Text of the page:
The tactics we used to scale Kilo in the early days

We’ve grown from 0 – 1000 clients,

We’re on the Inc 5000 list of the fastest-growing companies in America in 2022,

We’ve spent almost nothing on advertising.

The majority of this growth was in the first year.

Here is the story and some of the tactics we used to accomplish our early growth.

Be there, do that

I owned a gym in small town Ontario. I started in my garage and eventually got up the guts to quit my full time job, buy a building, spend $20K on equipment and become an entrepreneur full time. I was 23 years old. I ran that gym for just over 5 years before I sold it to my general manager. I’ve experienced almost everything a business owner can experience, from not knowing where all my money is going, firing staff and members, working 5am -10pm every day to finally becoming profitable and becoming functionally retired. I’ve worn all the hats.

This story is not unlike many of the stories of most gym owners. We are all pretty much the same, with a few minor details changed here and there. The shared struggle brings us together.

Actually being in your customers shoes gives you the credibility to help them. If someone knows you understand their problem, they automatically think you have the solution.

Find business partners

Partnering with people is scary. We’ve all heard nightmare stories of partnerships gone bad and I certainly did not want to experience that.

Myself and our Kilo founders, John and Mateo met through a mentorship company that we used to improve our gym businesses. We worked together on smaller projects (see below) first and were able to see where we complimented each other. Where John was strong with vision, I was strong with implementation. Where I was strong with creating a system, Mateo was the one who could make it come to life.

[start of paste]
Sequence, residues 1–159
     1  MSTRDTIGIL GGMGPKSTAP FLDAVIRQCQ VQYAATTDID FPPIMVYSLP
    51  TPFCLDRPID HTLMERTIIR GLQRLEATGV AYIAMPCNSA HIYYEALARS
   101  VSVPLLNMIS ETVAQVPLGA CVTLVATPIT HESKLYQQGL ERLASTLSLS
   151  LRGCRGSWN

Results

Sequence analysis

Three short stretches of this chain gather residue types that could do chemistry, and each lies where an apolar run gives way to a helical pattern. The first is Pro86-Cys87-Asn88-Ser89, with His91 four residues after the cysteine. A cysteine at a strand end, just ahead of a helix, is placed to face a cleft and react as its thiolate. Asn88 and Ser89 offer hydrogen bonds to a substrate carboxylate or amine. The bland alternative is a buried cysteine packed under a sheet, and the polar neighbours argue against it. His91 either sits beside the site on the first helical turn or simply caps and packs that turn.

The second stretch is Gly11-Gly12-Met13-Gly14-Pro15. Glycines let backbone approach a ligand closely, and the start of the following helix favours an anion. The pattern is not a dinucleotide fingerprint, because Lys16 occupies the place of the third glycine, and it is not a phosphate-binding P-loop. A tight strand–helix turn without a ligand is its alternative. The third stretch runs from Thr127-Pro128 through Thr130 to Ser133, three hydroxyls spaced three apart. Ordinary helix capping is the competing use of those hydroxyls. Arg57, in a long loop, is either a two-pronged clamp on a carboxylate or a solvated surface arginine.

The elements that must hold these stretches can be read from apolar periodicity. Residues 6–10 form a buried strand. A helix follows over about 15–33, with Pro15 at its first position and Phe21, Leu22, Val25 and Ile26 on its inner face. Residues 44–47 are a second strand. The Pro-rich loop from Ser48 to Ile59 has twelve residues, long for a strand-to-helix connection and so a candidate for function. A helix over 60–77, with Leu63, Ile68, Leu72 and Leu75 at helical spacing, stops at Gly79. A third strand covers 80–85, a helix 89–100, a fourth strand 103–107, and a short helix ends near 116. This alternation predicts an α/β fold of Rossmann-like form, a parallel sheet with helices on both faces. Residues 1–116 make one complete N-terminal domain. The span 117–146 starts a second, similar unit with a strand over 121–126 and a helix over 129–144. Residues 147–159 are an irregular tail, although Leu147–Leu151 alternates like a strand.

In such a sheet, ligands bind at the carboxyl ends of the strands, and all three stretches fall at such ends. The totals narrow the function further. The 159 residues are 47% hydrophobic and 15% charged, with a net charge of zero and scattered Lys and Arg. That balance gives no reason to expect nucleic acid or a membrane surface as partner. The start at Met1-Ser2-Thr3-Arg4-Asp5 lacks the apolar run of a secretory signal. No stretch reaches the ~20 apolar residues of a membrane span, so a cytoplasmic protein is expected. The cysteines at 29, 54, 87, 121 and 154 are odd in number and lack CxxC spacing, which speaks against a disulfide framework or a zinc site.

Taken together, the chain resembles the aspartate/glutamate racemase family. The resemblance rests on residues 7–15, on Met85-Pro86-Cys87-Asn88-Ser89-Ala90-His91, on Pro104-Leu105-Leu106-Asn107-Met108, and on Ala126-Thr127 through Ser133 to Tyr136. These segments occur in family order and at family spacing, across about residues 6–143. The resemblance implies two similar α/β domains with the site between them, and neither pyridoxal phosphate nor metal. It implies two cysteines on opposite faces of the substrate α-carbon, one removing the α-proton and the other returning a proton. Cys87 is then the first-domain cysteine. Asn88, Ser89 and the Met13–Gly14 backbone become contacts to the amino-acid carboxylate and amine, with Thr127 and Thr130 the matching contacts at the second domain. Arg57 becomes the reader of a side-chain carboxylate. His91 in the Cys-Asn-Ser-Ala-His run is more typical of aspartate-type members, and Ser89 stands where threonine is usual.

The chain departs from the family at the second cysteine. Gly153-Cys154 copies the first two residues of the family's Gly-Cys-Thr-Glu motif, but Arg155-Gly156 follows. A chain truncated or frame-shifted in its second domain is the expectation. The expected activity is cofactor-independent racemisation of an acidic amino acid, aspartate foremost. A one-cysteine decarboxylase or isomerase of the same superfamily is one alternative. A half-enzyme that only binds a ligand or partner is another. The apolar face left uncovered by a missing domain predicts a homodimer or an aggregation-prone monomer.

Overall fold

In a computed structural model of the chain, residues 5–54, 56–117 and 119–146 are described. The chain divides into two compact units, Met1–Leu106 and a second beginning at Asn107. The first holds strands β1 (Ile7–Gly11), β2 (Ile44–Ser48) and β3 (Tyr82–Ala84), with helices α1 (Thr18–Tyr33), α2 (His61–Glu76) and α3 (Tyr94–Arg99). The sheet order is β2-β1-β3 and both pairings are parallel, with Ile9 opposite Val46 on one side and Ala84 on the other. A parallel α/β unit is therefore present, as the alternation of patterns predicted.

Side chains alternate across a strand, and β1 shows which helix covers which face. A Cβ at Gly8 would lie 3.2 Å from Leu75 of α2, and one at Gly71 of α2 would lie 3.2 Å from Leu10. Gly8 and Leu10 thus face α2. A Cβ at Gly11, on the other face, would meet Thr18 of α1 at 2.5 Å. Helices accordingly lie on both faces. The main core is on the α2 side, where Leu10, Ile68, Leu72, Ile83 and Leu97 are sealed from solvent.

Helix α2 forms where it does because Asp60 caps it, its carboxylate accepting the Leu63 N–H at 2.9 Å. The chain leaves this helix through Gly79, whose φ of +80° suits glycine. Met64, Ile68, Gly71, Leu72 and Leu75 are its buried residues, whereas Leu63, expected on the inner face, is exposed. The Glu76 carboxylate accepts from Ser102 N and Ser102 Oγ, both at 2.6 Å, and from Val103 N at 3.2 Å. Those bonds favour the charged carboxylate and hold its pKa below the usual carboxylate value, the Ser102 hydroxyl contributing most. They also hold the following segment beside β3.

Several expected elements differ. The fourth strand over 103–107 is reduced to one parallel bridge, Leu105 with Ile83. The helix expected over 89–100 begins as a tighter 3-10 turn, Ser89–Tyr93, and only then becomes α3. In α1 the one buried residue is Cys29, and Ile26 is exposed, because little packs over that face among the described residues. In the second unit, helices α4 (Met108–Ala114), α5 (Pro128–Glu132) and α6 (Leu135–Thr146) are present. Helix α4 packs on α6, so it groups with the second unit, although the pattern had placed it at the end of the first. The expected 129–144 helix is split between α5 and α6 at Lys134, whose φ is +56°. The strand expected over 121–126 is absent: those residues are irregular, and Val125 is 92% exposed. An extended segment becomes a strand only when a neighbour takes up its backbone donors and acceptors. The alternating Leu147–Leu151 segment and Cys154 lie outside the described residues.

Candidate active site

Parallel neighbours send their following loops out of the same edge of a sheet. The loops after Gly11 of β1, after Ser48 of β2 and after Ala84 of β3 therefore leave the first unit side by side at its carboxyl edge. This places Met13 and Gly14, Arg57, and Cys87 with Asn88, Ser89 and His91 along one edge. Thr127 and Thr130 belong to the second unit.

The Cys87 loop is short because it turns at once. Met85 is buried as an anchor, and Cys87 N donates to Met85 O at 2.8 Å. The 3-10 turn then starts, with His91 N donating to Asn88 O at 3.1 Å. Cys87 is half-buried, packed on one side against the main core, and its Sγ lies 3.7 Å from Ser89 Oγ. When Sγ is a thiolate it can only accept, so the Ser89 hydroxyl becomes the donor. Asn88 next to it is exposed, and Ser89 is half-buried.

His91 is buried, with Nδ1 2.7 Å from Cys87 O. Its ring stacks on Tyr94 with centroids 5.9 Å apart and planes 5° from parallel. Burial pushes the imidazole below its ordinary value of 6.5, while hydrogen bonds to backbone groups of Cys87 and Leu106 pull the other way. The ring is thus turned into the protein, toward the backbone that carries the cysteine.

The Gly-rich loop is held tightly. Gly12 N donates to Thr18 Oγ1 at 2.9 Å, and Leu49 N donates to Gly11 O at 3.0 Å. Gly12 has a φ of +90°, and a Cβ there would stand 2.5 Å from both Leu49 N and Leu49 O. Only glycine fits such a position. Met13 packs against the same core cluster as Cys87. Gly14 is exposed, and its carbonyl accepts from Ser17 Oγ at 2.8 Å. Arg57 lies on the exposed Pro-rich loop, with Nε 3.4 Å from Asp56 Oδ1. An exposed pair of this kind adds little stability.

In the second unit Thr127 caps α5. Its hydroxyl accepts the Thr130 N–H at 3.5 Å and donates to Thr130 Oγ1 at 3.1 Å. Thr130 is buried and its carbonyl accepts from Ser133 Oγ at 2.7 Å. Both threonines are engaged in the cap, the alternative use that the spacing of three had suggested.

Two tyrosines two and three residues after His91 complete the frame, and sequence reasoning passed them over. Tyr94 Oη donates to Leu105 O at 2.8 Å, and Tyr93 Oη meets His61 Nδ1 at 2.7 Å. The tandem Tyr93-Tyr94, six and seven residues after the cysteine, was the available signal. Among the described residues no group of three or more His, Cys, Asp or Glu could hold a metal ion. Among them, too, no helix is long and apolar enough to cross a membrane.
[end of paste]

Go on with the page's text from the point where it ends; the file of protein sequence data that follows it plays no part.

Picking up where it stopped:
Back then, we didn’t know we would start a company together. We just knew we liked working together and had great results on projects. We wanted to do more of that.

Find the pain

Most small business owners struggle with the same things: time, money, staff, the inability to scale and marketing. At the time our mentor was helping us solve 4 out of 5 of those problems. The missing piece was marketing. Small gyms don’t have the manpower, the money or the time to try and figure out a marketing strategy.

The more gym owners we talked to, the more I realized what we all struggled with marketing our businesses. Our problems were only separated by distance.

We didn’t know what to put on our websites, how to capture leads, what to do with leads when we captured them, or how to get them to book appointments with us. Also, what’s a funnel and why do I need that?

Create a primary, scrappy solution

John and Mateo built a marketing course to teach gym owners to advertise against some of the largest, well-funded gyms in the country. I used the same marketing course in my small town and it worked exactly as advertised. They stitched it together with the software they had available at the time.

After building a sales team for the mentorship company and becoming a business mentor myself, I was brought in to help with the marketing course. I refined it, reorganized it, built a new team to deliver it, dealt with unhappy customers, and convinced other gyms owners to use it.

Since we had worked with our ideal customer for years and knew them personally we could speak to their pain and offer a solution. We had built credibility in our field as gym owners and as marketers and they trusted our solution.

Hundreds of gym owners about this course. It wasn’t perfect, it had a lot of steps and it was actually pretty hard for a gym owner to set up – but it worked. Gyms finally had a way to market themselves. We taught them how to create sales videos and manual call scripts. It was beautiful, in a scrappy kind of way.

Realize there is a better way

During that process we realized that it was still difficult for gym owners to market efficiently. While the course worked for a lot of people, there was some gym owners who never completed it because the set up was just too much.

They had to use 8-10 pieces of software and stitch them together with Zapier. There was a ton of manual work and often leads and clients still fell through the cracks. Organizing a client pipeline through Google Sheet is not for the faint of heart.

This was the inspiration for Gym Lead Machine, now known as Kilo.